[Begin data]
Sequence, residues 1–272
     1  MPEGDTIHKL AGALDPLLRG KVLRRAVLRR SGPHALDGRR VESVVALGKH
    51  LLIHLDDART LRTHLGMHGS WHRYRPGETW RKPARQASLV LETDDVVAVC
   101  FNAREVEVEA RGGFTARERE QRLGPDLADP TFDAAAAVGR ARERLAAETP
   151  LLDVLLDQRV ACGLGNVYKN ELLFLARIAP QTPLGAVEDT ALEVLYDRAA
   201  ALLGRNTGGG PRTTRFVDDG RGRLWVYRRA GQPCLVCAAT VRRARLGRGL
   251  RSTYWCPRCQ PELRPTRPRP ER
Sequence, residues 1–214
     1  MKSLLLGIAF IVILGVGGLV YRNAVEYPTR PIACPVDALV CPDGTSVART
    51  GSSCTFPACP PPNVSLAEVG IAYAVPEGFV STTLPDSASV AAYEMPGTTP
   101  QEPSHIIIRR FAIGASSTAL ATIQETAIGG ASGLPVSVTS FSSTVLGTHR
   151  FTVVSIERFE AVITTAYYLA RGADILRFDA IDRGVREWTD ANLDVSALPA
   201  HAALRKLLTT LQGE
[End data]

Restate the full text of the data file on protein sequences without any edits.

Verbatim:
Sequence, residues 1–272
     1  MPEGDTIHKL AGALDPLLRG KVLRRAVLRR SGPHALDGRR VESVVALGKH
    51  LLIHLDDART LRTHLGMHGS WHRYRPGETW RKPARQASLV LETDDVVAVC
   101  FNAREVEVEA RGGFTARERE QRLGPDLADP TFDAAAAVGR ARERLAAETP
   151  LLDVLLDQRV ACGLGNVYKN ELLFLARIAP QTPLGAVEDT ALEVLYDRAA
   201  ALLGRNTGGG PRTTRFVDDG RGRLWVYRRA GQPCLVCAAT VRRARLGRGL
   251  RSTYWCPRCQ PELRPTRPRP ER
Sequence, residues 1–214
     1  MKSLLLGIAF IVILGVGGLV YRNAVEYPTR PIACPVDALV CPDGTSVART
    51  GSSCTFPACP PPNVSLAEVG IAYAVPEGFV STTLPDSASV AAYEMPGTTP
   101  QEPSHIIIRR FAIGASSTAL ATIQETAIGG ASGLPVSVTS FSSTVLGTHR
   151  FTVVSIERFE AVITTAYYLA RGADILRFDA IDRGVREWTD ANLDVSALPA
   201  HAALRKLLTT LQGE